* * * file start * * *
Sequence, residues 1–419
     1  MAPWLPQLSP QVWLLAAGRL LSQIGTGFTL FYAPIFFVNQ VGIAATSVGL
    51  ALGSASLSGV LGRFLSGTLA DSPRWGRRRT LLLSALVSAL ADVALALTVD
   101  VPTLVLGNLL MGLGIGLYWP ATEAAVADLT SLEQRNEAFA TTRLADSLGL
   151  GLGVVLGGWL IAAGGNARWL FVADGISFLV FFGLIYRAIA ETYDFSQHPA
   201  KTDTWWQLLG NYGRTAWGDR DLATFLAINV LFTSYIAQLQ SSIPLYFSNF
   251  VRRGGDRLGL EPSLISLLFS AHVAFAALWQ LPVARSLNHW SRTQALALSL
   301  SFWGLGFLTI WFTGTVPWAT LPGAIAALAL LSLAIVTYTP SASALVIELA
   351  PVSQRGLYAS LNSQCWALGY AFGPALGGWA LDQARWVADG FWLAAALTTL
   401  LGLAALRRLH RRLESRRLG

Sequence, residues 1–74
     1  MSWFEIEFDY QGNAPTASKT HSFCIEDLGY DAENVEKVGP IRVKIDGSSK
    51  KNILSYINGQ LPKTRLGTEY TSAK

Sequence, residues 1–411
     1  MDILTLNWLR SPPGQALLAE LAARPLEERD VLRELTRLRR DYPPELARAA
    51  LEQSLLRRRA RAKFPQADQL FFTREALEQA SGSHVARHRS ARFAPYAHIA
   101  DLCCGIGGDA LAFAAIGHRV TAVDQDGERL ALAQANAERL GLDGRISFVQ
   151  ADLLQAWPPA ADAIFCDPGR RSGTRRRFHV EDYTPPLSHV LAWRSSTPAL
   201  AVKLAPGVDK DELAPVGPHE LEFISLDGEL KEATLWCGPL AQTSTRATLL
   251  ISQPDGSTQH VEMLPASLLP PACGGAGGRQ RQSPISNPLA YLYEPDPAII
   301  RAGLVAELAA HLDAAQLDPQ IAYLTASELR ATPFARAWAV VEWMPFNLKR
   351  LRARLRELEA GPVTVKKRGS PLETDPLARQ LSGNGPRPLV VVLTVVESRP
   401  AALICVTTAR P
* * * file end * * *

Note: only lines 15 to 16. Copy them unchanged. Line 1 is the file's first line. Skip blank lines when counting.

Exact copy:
     1  MDILTLNWLR SPPGQALLAE LAARPLEERD VLRELTRLRR DYPPELARAA
    51  LEQSLLRRRA RAKFPQADQL FFTREALEQA SGSHVARHRS ARFAPYAHIA